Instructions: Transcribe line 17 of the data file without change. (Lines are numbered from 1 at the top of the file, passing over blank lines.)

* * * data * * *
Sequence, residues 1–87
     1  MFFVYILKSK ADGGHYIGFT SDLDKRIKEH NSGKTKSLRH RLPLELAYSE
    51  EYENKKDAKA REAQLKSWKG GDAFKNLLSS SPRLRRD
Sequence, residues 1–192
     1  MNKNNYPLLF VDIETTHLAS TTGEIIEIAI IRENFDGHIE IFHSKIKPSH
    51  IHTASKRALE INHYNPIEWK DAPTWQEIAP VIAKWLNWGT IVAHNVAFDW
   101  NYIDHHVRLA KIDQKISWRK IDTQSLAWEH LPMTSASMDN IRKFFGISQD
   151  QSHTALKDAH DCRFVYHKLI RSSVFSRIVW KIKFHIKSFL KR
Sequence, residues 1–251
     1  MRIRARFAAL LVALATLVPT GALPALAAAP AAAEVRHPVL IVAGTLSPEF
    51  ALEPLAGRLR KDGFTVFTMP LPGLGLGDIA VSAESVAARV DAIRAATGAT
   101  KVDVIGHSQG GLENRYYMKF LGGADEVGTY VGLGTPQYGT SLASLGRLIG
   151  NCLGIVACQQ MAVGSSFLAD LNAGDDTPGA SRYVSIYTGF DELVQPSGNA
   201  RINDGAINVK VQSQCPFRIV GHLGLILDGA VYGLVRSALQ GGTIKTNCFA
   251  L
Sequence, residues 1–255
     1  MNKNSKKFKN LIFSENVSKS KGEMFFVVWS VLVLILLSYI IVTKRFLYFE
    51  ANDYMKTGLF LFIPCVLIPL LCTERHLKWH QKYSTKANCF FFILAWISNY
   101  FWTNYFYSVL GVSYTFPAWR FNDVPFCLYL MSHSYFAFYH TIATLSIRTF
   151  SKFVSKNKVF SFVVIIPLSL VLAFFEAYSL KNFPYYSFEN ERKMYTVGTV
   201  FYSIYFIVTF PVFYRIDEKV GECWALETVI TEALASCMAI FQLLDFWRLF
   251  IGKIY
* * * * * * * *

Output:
     1  MNKNSKKFKN LIFSENVSKS KGEMFFVVWS VLVLILLSYI IVTKRFLYFE